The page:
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I grew up in coastal North Carolina. You probably know the area for its beaches, but when I was a kid, it was better known as a military hub. Within two hours of my house, there were at least seven military bases in my state: Marine Corps Base Camp Lejeune (Jacksonville, NC); U.S. Army Fort Bragg (Fayetteville, NC); Seymour Johnson Air Force Base (Goldsboro, NC); Marine Corps Air Station Cherry Point (Cherry Point, NC); Pope Air Force Base (Manchester, NC); Camp Mackall Army Base (Southern Pines, NC); and Simmons Army Air Field (Fort Bragg, NC).
I vividly remember riding up Highway 172 through Camp Lejeune (you can’t do that anymore) and listening to the military planes fly over our house in summer. It was probably no surprise to anyone, then, when both of my brothers joined the military. Ironically, they both joined the U.S. Navy (the one branch of the service not located near my house).
You learn a lot about the sacrifices that military personnel make when your own family is involved. We realized, for example, that we were lucky that every time one of my brothers shipped out, he came back. But we also knew that wasn’t always the case.
Approximately 1.4 million U.S. service members have lost their lives in wars and conflicts around the world; nearly half of those who died did so in the Civil War. Post Civil War, the largest numbers of military deaths are attributable to World War II (405,399) and World War I (116,516). More recently, over 8,000 servicemen and women have died in the wars in Iraq and Afghanistan.
According to the Department of Veterans Affairs, as of November 2019, more than 5 million veterans receive benefits, together with more than 600,000 children, parents, and surviving spouses. That includes 36 surviving spouses of those who served in the Spanish-American War and one child from a service member in the Civil War.
Over the years, we’ve struggled with how to honor and compensate those who gave everything to serve our country. That includes sorting out benefits for those who are left behind. Here’s a summary of some assistance, much of which is tax-free, that might be available to surviving families:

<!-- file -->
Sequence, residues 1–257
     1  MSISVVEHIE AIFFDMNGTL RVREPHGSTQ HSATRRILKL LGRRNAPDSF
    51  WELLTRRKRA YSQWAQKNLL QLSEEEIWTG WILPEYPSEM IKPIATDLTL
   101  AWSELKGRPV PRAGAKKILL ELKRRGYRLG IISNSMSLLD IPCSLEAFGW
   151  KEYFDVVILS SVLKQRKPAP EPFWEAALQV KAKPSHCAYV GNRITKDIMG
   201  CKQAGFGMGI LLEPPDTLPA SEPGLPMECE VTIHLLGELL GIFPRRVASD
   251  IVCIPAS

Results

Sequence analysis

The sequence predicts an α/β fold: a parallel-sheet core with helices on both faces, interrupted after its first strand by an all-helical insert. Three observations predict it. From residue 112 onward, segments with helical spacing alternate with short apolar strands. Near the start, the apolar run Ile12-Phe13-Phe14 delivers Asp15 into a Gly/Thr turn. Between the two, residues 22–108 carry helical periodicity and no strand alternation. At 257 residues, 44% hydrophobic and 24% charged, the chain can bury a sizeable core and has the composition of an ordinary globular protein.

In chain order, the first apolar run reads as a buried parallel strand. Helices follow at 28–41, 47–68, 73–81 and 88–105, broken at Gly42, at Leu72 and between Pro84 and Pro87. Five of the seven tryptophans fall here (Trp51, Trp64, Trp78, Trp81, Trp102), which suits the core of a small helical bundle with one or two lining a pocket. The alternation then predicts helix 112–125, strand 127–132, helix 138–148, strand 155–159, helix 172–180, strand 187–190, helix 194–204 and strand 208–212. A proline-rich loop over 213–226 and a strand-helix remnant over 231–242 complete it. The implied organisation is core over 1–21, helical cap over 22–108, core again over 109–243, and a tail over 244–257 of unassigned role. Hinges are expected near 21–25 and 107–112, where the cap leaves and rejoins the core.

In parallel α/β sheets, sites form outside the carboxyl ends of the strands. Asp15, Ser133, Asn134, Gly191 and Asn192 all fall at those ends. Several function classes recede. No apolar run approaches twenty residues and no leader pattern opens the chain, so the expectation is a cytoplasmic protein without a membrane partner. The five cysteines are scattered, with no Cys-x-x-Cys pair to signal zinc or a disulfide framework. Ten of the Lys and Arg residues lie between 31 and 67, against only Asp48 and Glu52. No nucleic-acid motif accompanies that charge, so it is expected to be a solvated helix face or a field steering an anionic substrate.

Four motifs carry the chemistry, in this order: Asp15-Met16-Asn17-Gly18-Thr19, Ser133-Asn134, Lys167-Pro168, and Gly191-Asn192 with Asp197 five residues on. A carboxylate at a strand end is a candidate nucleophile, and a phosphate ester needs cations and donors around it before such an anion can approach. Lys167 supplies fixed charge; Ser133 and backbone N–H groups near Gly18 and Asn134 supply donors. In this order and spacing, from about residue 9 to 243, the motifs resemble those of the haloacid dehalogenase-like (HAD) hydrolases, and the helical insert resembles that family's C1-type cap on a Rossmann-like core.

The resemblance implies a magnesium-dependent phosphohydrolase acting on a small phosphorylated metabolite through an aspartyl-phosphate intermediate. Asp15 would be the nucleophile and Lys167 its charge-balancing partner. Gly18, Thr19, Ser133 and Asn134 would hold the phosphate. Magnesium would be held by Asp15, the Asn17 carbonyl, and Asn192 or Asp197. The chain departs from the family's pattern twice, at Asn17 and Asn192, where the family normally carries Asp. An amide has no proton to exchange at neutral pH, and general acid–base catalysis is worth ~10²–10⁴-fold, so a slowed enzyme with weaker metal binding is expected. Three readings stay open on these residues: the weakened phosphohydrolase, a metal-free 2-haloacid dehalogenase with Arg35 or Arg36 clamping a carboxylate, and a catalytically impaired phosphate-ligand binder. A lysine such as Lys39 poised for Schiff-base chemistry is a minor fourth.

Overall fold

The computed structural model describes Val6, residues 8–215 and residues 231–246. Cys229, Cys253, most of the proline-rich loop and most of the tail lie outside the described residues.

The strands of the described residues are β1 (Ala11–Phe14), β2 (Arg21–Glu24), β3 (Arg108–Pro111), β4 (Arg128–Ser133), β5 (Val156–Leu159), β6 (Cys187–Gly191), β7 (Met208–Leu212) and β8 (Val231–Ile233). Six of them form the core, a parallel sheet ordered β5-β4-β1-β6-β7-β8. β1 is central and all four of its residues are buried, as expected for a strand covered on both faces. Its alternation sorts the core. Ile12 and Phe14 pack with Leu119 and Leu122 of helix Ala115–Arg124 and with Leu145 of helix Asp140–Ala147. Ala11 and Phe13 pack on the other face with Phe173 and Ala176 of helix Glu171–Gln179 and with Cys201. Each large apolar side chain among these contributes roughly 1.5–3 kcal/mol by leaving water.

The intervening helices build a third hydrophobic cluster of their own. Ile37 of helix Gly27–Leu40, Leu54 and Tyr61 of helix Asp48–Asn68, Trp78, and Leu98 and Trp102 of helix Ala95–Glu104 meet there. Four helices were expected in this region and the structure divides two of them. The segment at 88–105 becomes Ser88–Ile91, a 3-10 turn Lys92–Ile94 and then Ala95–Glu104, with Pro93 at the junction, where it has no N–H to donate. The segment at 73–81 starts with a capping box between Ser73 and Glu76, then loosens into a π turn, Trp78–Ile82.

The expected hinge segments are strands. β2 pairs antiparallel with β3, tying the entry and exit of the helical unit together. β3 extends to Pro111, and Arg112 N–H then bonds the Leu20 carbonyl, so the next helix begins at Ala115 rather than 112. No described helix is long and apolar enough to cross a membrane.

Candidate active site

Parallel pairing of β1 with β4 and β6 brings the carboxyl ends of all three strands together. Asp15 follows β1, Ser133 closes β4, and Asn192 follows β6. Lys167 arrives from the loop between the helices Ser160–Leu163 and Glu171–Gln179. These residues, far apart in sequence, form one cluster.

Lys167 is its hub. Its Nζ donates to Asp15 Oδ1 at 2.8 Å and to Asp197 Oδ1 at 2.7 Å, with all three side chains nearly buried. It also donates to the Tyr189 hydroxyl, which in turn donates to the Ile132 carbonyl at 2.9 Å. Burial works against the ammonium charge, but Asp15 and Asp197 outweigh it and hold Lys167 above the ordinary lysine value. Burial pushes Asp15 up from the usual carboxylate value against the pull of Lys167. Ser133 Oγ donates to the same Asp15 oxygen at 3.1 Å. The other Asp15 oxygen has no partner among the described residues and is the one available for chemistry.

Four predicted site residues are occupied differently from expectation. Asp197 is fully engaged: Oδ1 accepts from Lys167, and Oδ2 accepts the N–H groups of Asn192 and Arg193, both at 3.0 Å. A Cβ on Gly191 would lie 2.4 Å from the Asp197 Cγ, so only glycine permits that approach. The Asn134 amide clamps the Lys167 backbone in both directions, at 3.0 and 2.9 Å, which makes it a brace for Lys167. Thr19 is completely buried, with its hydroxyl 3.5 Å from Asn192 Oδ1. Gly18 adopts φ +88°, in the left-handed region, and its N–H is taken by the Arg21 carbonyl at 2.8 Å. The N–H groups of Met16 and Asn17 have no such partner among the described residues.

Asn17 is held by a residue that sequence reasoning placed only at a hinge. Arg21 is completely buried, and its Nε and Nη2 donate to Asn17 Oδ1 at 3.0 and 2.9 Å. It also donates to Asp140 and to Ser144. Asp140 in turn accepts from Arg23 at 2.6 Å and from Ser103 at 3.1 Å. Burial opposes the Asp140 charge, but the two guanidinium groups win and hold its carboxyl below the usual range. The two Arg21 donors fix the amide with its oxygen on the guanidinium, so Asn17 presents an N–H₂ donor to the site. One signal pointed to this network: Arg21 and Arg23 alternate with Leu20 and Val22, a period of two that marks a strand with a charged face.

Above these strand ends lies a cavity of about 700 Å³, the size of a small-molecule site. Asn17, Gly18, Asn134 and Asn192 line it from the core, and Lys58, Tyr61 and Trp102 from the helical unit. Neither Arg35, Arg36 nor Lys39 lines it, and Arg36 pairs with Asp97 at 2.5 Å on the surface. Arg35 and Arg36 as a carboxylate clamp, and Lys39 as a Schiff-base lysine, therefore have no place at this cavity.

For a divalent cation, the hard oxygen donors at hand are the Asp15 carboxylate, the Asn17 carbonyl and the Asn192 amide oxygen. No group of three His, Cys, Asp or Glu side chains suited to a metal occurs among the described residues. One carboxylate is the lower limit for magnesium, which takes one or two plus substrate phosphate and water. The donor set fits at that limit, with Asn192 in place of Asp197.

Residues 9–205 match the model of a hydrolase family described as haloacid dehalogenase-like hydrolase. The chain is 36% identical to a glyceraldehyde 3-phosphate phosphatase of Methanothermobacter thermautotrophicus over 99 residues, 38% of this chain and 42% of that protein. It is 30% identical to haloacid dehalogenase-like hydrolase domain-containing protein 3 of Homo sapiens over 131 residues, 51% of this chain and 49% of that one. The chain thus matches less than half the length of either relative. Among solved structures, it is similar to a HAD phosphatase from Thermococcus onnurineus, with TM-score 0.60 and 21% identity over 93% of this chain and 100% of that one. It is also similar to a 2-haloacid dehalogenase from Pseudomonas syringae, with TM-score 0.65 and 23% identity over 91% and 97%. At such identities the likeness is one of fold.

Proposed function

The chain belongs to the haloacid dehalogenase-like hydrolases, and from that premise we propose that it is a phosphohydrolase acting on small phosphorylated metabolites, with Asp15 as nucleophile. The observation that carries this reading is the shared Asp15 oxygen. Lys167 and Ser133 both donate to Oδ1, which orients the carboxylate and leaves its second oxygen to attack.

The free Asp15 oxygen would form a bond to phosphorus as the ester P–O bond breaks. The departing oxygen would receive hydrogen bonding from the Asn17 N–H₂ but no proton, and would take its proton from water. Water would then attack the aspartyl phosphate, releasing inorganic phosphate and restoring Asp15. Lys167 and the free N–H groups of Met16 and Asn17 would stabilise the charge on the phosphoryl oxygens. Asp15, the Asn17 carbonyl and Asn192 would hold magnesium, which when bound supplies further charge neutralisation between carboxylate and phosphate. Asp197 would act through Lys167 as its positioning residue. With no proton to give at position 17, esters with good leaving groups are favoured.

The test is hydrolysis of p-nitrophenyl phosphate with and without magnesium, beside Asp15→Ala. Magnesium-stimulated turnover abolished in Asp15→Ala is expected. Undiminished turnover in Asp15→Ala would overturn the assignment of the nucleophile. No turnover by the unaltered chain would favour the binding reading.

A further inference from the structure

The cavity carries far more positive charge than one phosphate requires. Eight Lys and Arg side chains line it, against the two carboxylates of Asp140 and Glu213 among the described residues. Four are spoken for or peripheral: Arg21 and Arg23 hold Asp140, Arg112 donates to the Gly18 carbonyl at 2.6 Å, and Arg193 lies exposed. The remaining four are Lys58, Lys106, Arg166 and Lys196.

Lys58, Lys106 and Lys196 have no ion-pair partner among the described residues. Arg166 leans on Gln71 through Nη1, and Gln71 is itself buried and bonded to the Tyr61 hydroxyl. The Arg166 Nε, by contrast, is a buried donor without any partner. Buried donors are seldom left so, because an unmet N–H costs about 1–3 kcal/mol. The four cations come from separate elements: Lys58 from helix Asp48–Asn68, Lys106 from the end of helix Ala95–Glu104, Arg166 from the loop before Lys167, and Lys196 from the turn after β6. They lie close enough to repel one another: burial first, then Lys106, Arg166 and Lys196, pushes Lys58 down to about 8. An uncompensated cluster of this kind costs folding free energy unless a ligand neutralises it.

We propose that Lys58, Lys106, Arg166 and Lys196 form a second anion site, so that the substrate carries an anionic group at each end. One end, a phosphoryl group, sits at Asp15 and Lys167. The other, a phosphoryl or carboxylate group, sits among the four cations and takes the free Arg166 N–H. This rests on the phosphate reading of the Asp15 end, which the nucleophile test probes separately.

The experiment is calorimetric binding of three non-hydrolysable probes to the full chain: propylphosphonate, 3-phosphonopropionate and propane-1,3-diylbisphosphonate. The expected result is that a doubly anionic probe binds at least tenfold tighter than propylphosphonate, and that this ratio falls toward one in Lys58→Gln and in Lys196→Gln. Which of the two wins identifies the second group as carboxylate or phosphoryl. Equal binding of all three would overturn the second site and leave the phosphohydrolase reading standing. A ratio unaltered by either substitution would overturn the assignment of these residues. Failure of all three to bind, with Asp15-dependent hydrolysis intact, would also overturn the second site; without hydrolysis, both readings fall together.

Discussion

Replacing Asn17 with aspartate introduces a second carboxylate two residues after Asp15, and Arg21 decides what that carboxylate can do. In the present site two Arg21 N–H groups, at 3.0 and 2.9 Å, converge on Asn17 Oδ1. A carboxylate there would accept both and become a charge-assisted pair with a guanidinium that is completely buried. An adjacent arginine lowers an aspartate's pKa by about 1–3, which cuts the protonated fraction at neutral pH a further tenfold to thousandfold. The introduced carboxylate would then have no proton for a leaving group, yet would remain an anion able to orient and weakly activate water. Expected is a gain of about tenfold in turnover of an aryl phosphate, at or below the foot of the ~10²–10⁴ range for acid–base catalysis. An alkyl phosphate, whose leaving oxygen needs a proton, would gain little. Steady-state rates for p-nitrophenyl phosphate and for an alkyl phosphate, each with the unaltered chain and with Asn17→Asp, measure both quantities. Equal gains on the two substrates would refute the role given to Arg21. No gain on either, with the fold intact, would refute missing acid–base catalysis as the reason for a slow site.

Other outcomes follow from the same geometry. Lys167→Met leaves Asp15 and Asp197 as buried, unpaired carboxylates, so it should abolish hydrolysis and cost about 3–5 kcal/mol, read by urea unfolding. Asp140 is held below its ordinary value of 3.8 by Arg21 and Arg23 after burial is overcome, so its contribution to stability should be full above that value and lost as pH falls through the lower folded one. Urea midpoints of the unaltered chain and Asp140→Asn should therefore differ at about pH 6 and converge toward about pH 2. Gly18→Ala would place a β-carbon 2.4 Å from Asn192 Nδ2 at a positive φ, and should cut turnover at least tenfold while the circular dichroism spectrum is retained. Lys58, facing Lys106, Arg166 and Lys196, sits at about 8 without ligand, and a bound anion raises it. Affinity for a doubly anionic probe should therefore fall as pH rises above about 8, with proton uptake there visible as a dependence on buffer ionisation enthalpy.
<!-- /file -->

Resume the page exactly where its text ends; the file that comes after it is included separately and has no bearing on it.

- Burial Benefits. The Department of Veterans Affairs’ (VA) National Cemetery Administration maintains 142 national cemeteries in 40 states and Puerto Rico as well as 33 soldier’s lots and monument sites. Burial benefits include a gravesite in any of those cemeteries with available space, opening and closing of the grave, perpetual care, a Government headstone or marker, a burial flag, and a Presidential Memorial Certificate, at no cost to the family: the VA can help arrange honors for burials at VA national cemeteries. In addition, the VA will pay a burial allowance or reimbursement of up to $2,000 if a death is service-connected ($1,500 for deaths before September 11, 2001). If a veteran is buried in a VA national cemetery, some or all of the cost of transporting the deceased may be reimbursed. (Many states have state veterans cemeteries with similar eligibility requirements.)
- Military Funeral Honors. Upon request, the Department of Defense will provide military funeral honors consisting of folding and the presenting of the United States flag and the playing of “Taps.” A funeral honors detail consists of two or more uniformed members of the armed forces, with at least one member from the deceased’s branch of service. Family members should inform their funeral director if they want military funeral honors. This is a relatively recent development: it wasn’t until January 1, 2000, that Public Law 106-65 made it mandatory to provide military honors for any eligible veteran if requested by the family.